Alas, got there too late to see the New Pornographers. It is a strict crabwalk.com policy that Who Dat Drummer? is not a game to be played with any percussionist who the author has not personally seen in a concert environment, so Kurt Dahle is safe.
15 March 2006 |
Here’s my film from 20x2 Monday night. It’s about a 10 meg file, and for some reason it takes a long while to download — you might want to open it in another window or tab.
As I did last time when I did 20x2, here’s a quick summary of how I did it (less complex than last time):
- The film was shot (poorly!) with a Sony GL2 camcorder. (At $2,000 list, it isn’t mine, of course; it’s a Dallas Morning News camera, leant to me by our Pulitzer photo genius David Leeson.) I’ve never really shot video before, and that’s fairly obvious at times. Particularly with my inability to get good sound. And with all the other people I shot whose footage was just too bad to include.)
- The locations: The bookstore is the Half Price Books flagship store on Northwest Highway. The Mexican restaurant is the Lakewood location of La Calle Doce (seafood dishes highly recommended). The woman on the bench was sitting outside the George Allen courthouse downtown, messing with some legal papers. The Internet inventor was in an East Dallas pet store (name forgotten). Everyone else was shot in and around the Dallas Morning News building.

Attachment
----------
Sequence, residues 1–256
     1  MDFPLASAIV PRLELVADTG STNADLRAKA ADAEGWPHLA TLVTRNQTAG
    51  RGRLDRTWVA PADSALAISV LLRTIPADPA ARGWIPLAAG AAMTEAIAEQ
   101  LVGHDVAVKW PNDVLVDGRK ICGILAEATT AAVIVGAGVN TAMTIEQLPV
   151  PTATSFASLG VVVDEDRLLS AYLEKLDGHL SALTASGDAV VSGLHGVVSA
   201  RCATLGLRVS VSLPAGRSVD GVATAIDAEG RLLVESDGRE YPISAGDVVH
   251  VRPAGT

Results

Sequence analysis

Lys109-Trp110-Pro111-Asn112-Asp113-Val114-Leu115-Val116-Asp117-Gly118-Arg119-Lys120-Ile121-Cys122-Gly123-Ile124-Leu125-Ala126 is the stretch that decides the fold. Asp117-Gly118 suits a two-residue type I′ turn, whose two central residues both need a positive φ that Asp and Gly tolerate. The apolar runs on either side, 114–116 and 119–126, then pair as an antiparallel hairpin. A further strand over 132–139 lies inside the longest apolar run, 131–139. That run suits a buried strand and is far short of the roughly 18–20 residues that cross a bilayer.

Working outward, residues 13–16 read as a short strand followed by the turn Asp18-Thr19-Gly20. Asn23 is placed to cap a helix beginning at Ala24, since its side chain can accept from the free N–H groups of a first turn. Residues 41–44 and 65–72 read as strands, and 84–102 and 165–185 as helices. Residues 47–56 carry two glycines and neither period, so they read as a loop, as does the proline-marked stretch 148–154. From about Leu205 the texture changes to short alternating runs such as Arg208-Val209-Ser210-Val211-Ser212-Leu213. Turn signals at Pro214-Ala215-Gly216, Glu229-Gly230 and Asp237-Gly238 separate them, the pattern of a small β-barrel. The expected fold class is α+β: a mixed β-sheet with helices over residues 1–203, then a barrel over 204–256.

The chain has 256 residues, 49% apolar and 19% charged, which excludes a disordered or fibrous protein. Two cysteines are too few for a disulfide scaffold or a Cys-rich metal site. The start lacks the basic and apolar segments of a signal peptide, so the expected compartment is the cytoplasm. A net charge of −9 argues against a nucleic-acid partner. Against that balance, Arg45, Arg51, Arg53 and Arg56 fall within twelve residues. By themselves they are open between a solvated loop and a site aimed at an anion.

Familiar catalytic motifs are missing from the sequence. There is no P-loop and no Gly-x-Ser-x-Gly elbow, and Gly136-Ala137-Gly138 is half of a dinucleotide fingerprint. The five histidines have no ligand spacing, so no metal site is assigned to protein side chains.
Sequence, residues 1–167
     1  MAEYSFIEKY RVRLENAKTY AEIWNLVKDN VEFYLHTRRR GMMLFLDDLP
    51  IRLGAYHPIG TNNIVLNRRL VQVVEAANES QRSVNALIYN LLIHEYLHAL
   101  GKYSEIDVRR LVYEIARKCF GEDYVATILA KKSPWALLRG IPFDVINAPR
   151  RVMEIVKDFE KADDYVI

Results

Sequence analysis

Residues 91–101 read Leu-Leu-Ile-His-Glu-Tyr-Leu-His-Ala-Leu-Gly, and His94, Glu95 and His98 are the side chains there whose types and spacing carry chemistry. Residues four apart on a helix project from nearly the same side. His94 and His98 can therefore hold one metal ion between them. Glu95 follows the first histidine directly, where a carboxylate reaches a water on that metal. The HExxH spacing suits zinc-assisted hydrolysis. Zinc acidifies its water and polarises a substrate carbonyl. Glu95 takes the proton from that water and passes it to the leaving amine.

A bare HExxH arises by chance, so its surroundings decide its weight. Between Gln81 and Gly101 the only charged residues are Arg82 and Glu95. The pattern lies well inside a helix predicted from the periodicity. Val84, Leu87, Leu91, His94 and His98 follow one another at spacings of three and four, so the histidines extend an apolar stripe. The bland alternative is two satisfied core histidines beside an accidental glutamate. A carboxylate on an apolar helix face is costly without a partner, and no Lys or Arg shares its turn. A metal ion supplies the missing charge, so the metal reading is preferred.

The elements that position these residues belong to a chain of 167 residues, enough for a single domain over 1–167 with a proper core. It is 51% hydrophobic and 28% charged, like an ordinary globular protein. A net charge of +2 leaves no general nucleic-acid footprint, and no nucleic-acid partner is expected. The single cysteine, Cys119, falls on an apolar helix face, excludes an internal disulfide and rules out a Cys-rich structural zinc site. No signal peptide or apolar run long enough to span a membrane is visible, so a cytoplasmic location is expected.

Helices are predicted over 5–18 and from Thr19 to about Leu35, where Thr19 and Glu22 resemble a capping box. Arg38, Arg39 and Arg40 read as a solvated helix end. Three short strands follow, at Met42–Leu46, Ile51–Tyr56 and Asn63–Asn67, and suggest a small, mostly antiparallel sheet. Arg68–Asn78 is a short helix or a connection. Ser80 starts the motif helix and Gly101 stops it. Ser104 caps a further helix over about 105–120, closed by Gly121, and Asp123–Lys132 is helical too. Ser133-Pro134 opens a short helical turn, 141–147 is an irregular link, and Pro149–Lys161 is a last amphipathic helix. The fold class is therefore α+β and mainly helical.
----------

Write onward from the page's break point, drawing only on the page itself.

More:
- Assemblage: All done in iMovie. With assists from ScreenRecord (which recorded the Terminal sessions), Google Image Search (for all the screengrabs between shots), Quicktime Pro (for cutting down clips), and iPhoto (for imports to iMovie).
14 March 2006 |
Also, just saw Lyle Lovett and his (very cute, very young) girlfriend. I feel like I’m officially a Texan now.
12 March 2006 |
For the record, Maria Menounos is stupid hot. She was down here doing a standup (presumably for the film festival, but she was standing among us interactive types).
(Have I mentioned that I’m here at SXSW for the Interactive festival? Well, I am. I haven’t been in Austin for a full year, which is downright criminal for someone who lives in Dallas.)
Anyway, this year’s festival is crazy. Rumor has it that attendance is double what it was last year, and it feels like it. Registration Saturday morning traditionally takes about five minutes; this year there was a line extending across two floors and it took a full 50 minutes to get my badge. (Which features a photo of me from some past festival, giving me a chance to relive my beardless past lives.)